How Dietary Deficiency Studies Have Illuminated the Many Roles of Vitamin A During Development and Postnatal Life

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MaineHealth Institute for Research

Journal Title

Sub-cellular biochemistry

MeSH Headings

Animals; Child Development; Diet (veterinary); Female; Humans; Infant, Newborn; Pregnancy; Pregnancy Complications (metabolism); Vertebrates (growth & development, metabolism); Vitamin A (physiology); Vitamin A Deficiency (metabolism)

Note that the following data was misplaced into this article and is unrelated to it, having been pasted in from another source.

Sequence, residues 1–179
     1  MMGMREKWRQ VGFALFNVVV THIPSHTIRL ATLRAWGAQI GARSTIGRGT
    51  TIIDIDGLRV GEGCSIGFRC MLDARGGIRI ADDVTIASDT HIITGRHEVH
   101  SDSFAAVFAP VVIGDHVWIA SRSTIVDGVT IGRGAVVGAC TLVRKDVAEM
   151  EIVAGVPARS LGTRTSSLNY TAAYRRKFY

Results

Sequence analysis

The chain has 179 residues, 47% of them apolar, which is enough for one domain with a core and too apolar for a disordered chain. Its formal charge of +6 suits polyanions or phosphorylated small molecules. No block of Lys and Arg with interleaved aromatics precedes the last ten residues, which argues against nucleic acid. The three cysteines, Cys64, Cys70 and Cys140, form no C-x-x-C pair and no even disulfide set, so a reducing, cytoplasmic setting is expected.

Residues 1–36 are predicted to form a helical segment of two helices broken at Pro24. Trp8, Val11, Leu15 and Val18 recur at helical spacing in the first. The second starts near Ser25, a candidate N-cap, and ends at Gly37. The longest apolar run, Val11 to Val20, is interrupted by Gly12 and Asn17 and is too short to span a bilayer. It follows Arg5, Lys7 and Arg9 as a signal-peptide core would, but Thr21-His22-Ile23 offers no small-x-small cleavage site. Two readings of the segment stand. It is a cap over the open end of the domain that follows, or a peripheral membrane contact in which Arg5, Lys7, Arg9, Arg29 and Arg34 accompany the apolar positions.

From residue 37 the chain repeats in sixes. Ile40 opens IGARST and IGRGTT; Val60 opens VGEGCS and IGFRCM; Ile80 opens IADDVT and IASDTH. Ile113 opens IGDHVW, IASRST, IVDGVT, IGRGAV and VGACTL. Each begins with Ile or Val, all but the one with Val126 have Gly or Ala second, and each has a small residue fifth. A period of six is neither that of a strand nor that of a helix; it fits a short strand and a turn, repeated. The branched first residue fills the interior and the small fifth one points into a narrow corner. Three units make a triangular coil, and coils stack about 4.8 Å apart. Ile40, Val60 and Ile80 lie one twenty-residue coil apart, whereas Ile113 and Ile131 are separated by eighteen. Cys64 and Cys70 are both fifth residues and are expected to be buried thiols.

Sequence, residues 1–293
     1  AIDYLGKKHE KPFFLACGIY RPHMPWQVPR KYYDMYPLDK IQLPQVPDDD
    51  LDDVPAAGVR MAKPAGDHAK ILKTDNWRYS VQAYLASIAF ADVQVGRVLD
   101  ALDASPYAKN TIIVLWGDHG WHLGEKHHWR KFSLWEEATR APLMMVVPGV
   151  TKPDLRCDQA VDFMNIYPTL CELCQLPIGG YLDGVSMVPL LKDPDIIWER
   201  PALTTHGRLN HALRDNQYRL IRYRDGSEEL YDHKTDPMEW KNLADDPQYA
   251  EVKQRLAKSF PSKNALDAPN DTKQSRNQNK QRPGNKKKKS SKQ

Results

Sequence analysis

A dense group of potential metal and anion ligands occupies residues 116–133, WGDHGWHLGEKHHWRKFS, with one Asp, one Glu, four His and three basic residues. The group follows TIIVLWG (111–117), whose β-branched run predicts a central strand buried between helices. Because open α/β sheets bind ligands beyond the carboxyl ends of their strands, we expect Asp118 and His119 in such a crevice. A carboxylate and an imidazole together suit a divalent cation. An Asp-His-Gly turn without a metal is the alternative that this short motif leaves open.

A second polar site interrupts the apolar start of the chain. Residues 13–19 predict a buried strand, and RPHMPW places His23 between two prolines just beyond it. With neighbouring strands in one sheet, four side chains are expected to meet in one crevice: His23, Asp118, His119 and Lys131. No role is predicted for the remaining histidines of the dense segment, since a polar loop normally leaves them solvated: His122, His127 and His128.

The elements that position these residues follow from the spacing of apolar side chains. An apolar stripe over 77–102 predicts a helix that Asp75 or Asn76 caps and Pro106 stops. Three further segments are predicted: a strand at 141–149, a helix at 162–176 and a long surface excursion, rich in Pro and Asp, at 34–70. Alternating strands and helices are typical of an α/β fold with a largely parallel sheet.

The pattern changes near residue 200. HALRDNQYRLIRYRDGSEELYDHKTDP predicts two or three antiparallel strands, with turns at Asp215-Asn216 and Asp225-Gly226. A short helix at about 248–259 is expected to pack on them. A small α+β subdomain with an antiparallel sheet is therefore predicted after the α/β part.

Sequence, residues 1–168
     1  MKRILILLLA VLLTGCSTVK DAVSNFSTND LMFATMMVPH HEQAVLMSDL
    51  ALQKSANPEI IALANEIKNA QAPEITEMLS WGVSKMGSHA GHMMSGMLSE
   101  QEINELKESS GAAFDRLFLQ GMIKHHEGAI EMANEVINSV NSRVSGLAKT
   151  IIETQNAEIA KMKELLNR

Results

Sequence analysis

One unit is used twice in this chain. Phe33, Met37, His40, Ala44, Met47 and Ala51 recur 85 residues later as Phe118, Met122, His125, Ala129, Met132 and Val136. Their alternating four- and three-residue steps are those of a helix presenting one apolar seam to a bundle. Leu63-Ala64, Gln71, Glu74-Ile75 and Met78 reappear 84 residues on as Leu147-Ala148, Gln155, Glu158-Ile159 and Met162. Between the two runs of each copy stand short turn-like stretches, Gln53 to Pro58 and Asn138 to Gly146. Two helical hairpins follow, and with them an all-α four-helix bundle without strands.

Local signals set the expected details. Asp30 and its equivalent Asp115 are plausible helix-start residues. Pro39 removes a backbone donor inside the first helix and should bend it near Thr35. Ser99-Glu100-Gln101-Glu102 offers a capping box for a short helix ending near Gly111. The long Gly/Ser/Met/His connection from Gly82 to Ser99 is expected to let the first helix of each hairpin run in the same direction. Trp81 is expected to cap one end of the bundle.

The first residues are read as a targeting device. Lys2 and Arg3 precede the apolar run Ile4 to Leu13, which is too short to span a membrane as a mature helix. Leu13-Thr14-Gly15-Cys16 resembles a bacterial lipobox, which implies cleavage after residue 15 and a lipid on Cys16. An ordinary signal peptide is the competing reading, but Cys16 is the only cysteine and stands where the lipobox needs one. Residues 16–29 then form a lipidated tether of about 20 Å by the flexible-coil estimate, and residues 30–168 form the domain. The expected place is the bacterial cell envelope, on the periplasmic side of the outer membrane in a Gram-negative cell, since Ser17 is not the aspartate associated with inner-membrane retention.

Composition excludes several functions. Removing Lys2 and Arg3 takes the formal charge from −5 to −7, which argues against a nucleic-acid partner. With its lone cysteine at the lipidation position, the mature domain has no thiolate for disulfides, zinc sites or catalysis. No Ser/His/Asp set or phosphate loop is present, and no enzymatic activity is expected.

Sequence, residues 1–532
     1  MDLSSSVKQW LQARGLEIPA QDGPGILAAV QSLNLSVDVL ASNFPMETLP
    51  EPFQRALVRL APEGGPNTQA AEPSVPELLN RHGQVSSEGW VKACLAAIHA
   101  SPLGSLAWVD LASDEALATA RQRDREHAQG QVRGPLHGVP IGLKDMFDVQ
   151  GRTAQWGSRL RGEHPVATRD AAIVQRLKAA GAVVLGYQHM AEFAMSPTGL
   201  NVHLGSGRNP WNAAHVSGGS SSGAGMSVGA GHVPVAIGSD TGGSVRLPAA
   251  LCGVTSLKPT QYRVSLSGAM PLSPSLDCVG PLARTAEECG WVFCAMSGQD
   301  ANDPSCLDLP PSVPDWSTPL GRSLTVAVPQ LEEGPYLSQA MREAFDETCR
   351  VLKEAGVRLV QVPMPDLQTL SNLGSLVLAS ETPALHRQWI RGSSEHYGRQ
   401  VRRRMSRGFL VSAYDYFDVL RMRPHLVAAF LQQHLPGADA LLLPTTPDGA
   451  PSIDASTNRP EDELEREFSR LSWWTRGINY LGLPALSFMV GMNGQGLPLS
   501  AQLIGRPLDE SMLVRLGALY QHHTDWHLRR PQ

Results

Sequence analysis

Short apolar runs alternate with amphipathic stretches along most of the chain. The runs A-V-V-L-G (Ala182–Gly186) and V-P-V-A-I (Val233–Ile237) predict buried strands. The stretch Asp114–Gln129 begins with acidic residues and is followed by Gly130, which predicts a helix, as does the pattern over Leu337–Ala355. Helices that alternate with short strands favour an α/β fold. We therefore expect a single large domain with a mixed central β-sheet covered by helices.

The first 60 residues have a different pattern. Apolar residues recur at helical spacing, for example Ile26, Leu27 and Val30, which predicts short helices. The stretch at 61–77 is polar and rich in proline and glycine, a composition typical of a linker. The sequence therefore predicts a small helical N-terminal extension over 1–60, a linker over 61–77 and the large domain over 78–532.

Vitamin A deficiency studies have been carried out since the early 1900s. Initially, these studies led to the identification of fat soluble A as a unique and essential component of the diet of rodents, birds, and humans. Continuing work established that vitamin A deficiency produces biochemical and physiological dysfunction in almost every vertebrate organ system from conception to death. This chapter begins with a review of representative historical and current studies that used the nutritional vitamin A deficiency research model to gain an understanding of the many roles vitamin A plays in prenatal and postnatal development and well-being. This is followed by a discussion of recent studies that show specific effects of vitamin A deficiency on prenatal development and postnatal maintenance of the olfactory epithelium, brain, and heart. Vitamin A deficiency studies have helped define the necessity of vitamin A for the health of all vertebrates, including farm animals, but the breadth of deficient states and their individual effects on health have not been fully determined. Future work is needed to develop tools to assess the complete vitamin A status of an organism and to define the levels of vitamin A that optimally support molecular and systems level processes during all ages and stages of life.



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